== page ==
Amid the victory celebrations for her husband, Michele Obama seemed very much at home in the limelight, a crucial asset for her new status. At 45 she is the youngest First Lady since Jackie Kennedy. So, how will she differ from her predecessors? Observers say it will take a little time to see how she makes the role her own.
Officially, she rejects the idea of having any political ambitions of her own, saying she is a mother first, and a First Lady second. Her main task, she says, is to help her daughters Malia, ten and Sasha, seven, adapt to their new lives.
But analysts say this high flying lawyer-turned-executive will relish her new responsibilities. She has already signalled her intention to promote the cause working mothers.
“We have a lot of work to do in the workplace in making work possible for mothers,” she said. “And we are not doing what we need to do right now.”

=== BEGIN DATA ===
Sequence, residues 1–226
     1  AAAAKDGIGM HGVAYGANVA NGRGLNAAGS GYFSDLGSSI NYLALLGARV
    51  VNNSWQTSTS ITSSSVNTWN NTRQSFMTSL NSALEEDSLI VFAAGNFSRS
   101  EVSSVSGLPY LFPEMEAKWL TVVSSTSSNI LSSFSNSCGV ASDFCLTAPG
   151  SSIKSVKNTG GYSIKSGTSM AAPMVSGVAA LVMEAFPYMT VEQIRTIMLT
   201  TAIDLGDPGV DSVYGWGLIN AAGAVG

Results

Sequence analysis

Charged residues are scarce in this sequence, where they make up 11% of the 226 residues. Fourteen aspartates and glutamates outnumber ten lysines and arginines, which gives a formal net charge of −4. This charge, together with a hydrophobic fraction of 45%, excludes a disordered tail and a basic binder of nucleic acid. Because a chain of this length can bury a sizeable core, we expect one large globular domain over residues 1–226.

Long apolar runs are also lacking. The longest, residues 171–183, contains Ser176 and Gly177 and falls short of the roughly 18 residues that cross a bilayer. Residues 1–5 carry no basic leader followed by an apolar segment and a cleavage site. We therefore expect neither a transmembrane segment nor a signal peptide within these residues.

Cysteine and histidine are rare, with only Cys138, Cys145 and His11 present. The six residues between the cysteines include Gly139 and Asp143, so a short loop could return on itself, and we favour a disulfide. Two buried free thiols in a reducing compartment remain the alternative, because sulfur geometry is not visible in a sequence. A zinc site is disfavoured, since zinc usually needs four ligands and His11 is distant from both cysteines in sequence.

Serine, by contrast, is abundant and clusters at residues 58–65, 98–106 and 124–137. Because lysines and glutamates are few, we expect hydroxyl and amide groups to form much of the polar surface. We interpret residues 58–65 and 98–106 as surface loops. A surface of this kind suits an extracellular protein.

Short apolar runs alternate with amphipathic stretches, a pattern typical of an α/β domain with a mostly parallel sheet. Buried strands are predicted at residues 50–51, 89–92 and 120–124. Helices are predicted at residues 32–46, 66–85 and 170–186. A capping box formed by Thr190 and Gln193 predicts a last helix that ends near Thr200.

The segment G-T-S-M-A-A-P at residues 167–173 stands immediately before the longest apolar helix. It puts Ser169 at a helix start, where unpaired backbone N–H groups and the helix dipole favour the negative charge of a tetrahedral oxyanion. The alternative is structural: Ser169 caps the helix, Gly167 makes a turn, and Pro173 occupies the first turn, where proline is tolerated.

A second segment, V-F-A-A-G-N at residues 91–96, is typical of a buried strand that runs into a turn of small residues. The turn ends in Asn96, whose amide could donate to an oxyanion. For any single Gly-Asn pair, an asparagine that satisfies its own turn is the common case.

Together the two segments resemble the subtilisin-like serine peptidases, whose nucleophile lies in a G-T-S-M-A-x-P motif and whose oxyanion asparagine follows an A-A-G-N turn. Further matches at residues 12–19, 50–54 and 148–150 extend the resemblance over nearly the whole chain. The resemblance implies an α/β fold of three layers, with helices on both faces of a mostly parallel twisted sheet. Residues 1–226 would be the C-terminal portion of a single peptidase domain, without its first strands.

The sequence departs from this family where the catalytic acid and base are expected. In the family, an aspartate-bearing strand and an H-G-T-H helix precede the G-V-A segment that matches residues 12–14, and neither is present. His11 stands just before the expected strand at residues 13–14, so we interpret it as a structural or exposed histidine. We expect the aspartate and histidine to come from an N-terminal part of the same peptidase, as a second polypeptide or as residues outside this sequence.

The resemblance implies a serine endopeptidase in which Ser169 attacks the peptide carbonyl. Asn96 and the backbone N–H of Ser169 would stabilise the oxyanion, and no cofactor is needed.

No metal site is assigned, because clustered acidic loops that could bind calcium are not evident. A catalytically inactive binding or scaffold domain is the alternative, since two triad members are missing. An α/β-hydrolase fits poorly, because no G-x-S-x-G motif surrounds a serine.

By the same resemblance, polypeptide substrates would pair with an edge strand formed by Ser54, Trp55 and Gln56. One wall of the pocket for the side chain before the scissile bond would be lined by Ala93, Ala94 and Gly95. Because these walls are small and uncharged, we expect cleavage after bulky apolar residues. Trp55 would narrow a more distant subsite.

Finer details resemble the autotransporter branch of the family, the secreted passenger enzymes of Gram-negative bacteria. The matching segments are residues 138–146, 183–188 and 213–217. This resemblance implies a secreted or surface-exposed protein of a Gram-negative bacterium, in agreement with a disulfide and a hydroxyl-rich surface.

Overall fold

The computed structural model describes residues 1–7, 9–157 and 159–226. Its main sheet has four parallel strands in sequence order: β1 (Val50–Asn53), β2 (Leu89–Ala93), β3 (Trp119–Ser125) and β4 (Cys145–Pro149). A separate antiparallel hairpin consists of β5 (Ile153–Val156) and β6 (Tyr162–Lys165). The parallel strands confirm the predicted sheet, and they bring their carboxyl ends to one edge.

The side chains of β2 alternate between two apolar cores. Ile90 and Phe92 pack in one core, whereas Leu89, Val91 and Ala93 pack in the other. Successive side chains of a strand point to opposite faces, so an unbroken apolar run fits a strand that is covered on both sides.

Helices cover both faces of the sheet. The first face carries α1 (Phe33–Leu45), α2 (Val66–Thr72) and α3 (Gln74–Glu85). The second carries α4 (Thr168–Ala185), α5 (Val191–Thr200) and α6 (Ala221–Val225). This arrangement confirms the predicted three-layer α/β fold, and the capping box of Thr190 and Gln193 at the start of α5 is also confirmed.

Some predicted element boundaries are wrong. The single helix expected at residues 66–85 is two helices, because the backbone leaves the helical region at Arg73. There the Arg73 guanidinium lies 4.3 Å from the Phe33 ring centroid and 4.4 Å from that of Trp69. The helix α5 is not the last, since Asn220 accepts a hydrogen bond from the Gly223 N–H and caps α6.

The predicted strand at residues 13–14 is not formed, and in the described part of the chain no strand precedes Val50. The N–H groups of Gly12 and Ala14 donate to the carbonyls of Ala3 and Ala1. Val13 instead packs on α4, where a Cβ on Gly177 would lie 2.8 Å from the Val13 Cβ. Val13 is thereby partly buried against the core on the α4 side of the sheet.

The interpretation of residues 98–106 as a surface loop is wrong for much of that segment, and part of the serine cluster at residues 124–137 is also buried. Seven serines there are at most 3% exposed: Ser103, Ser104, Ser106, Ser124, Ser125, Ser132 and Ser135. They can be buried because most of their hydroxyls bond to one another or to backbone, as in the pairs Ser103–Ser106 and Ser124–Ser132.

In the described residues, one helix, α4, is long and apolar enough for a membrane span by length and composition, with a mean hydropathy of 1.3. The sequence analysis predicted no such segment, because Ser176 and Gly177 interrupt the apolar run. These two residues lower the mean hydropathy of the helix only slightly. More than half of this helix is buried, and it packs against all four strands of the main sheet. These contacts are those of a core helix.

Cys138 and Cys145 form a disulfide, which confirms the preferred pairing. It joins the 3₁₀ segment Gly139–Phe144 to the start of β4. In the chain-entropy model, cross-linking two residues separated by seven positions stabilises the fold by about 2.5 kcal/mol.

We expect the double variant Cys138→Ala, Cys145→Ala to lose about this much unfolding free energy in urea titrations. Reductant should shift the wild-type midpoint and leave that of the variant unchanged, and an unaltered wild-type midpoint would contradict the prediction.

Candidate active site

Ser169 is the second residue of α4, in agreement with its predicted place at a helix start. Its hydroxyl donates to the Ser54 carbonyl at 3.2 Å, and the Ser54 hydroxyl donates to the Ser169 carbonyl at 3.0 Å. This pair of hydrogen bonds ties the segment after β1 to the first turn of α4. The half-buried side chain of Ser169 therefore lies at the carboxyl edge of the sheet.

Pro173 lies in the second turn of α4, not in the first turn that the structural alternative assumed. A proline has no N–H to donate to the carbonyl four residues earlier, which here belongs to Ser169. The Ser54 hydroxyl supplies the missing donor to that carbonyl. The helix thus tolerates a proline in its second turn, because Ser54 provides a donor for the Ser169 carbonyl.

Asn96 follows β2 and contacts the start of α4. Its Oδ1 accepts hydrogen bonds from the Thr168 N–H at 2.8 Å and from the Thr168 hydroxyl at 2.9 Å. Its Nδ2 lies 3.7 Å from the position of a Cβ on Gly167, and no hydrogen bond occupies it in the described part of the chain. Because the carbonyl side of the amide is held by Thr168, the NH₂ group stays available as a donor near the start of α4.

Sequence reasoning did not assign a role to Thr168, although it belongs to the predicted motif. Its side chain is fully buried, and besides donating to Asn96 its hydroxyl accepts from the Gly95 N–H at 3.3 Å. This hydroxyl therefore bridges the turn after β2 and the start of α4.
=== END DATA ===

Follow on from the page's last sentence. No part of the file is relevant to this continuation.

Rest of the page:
The new First Lady is also expected to support families the military. A response, perhaps, to attacks by conservatives over a perceived lack of patriotism.
Raised by a single mother in modest surroudings, Michele Obama earned a degree from Harvard before launching a successful legal career. And she is not without political experience having worked in the Chicago mayor’s office. The new president says he has often turned to her for political advice. Now that that that advice has helped him reach the top she is likely to remain one of his closest counsellors.